Today’s tip includes some do’s and don’ts when it comes to buying technology devices and IT equipment on a small business budget.

One of the mistakes we’ve seen a lot of small businesses make when it comes to technology purchases is trying to save a little bit of money by buying either outdated equipment — you know, models that are a couple of years older or perhaps used, refurbished equipment thinking a router is a router in all the features and functionality are basically the same.

And while it may be true that your business doesn’t need a whole lot of advanced features or really sophisticated capabilities you do have to keep in mind that the security in the reliability of older equipment is never going to be as good as more current technology. Case in point, leading security firm Fortinet identified several high-risk vulnerabilities in four models of D-Link routers last week and when I say high-risk vulnerabilities there’s a standard scale called the CVSS score that security firms give to vulnerabilities to help companies understand which ones are the most severe, most critical and must be addressed or corrected right away and these vulnerabilities scored in 9.8 out of 10, meaning these vulnerabilities could allow a remote attacker to compromise that router and the entire client network. What’s interesting about this is that D-Link came out and said there would not be any security patches or fixes that they would be issuing related to these vulnerabilities because those models and devices are end of life.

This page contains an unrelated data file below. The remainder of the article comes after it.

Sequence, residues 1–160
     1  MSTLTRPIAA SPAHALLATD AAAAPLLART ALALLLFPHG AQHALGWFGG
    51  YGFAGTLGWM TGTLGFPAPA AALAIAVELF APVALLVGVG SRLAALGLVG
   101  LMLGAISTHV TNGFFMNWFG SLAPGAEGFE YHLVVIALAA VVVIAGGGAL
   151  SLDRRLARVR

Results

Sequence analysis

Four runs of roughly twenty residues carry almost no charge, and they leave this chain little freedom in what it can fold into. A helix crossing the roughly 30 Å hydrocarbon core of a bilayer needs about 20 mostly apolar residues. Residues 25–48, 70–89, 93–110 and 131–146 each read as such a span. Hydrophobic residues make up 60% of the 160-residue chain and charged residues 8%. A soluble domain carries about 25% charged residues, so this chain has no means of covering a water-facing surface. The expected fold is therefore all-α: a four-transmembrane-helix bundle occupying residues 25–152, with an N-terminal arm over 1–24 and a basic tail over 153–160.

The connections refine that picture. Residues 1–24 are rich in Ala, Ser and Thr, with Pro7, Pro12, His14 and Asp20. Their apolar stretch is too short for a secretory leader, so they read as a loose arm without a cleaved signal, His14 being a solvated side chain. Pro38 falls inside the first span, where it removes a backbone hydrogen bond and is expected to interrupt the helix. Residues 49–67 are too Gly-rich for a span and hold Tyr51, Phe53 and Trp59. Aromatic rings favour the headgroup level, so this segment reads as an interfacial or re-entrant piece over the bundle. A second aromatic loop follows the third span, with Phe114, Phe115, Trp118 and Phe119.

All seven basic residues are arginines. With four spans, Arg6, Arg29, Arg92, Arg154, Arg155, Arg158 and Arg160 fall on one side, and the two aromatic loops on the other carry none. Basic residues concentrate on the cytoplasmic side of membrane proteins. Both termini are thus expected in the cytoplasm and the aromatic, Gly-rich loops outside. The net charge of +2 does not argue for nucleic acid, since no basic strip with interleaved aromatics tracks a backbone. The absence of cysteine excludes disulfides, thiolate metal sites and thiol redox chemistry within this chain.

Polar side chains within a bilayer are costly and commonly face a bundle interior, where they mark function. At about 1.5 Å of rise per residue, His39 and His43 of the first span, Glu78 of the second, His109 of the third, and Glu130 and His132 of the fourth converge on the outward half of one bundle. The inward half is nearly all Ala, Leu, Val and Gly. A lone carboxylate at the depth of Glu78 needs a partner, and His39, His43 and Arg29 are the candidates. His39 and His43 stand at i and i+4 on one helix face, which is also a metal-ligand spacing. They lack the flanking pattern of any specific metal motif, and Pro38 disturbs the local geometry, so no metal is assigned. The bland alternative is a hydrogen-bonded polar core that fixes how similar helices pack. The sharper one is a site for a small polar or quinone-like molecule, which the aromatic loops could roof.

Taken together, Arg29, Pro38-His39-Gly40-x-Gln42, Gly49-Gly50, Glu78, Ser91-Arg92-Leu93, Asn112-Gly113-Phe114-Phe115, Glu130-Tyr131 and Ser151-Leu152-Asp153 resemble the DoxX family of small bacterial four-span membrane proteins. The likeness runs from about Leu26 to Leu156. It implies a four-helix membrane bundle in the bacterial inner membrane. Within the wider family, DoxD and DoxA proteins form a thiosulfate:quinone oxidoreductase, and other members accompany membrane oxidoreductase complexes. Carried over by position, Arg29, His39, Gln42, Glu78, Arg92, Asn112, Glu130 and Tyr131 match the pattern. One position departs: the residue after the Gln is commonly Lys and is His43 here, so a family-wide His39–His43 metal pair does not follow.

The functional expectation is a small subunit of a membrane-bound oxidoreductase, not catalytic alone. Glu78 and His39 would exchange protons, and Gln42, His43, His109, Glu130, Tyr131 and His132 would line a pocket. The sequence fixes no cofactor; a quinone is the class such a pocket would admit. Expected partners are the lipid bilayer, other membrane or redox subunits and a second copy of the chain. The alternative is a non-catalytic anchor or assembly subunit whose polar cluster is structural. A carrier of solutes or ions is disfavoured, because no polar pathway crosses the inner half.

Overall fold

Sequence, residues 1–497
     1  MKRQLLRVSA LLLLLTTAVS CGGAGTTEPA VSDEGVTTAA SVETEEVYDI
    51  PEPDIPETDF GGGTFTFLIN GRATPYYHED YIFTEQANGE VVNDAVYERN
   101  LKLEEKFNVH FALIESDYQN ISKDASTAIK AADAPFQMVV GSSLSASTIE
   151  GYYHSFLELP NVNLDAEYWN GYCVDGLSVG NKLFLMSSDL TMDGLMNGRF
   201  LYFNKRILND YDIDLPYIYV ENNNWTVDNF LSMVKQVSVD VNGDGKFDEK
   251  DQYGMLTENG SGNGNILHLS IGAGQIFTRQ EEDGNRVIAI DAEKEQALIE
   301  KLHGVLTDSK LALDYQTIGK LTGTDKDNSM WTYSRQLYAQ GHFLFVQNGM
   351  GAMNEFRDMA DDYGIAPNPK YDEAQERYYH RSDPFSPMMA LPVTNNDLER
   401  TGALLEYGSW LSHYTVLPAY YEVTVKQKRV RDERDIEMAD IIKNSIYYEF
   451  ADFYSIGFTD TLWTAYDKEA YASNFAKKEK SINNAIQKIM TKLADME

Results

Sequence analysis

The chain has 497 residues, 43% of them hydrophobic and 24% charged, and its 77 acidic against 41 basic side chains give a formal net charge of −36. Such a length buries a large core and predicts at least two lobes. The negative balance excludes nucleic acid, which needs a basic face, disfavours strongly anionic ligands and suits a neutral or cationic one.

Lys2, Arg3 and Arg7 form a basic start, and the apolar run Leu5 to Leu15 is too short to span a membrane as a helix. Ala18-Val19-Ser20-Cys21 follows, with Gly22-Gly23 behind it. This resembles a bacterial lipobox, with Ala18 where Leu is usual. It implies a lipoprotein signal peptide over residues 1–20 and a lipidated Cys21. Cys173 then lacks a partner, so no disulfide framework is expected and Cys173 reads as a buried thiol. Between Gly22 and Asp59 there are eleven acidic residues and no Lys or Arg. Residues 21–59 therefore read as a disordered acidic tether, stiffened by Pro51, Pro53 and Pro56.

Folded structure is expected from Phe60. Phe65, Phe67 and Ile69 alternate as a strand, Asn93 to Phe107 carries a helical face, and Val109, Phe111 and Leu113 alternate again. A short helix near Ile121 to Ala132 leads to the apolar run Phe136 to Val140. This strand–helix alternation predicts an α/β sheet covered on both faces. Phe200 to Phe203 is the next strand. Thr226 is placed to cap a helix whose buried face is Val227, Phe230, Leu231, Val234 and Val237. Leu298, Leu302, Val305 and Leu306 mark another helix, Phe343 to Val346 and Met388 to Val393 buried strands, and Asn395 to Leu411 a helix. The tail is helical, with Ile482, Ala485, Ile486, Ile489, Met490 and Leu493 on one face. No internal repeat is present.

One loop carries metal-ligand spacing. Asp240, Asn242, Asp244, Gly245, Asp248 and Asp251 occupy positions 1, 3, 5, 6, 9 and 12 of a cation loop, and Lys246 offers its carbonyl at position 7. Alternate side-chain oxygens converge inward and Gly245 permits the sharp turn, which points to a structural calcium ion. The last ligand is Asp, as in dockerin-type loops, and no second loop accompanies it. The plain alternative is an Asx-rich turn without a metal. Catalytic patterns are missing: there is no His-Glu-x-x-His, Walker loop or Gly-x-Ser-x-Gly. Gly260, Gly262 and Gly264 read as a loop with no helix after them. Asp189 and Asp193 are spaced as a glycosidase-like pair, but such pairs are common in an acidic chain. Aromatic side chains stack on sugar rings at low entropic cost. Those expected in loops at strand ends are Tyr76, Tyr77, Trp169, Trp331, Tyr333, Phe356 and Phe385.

But at the time the security report was released at least 3 of those models were still available for sale on Amazon from various sellers. It just underscores the importance of doing your homework, comparing model numbers to the support information on vendor websites to make sure that you understand what you’re buying and that you’re getting the most value for your dollar.

So if you’ve got some big purchases on the horizon, where should you start?

I would always recommend starting with review sites and forums to see what other people who are very knowledgeable in this particular space are saying about the vendors in their products.

Couple of places that you may want to go as Spiceworks or Reddit – there is always a lot of forms people are asking about experiences with various products and you can see reviews and commentary 1st hand. The other thing is you wanna focus on reputable business-grade brands that have been around and have a long track record in the industry and are used by a wide variety of customers.

And then as you’re looking at their models aim for the mid-tier price points or maybe even the low to mid-tier but definitely don’t focus on the entry-level models because those will oftentimes be no better than equivalent consumer-grade products that you might buy in a Best Buy or something like that. 1 of the ways to tell if you’re looking at a higher-end product from a vendor is by checking the warranty a lot of time standard warranty might be one year or 3 years, but for the higher grade yet enterprise or business or pro tier of product you can get up to a 5-year warranty and that just the vendor showing you that they’re standing behind that equipment both from a quality of manufacture point of view but also lengthened duration of support as far as what you can expect from them in the long run.

That wraps up today’s Tech tips for business hopefully you got found that helpful and we love to get a message from you so we know what you’d like to hear about next. Talk to you soon! 

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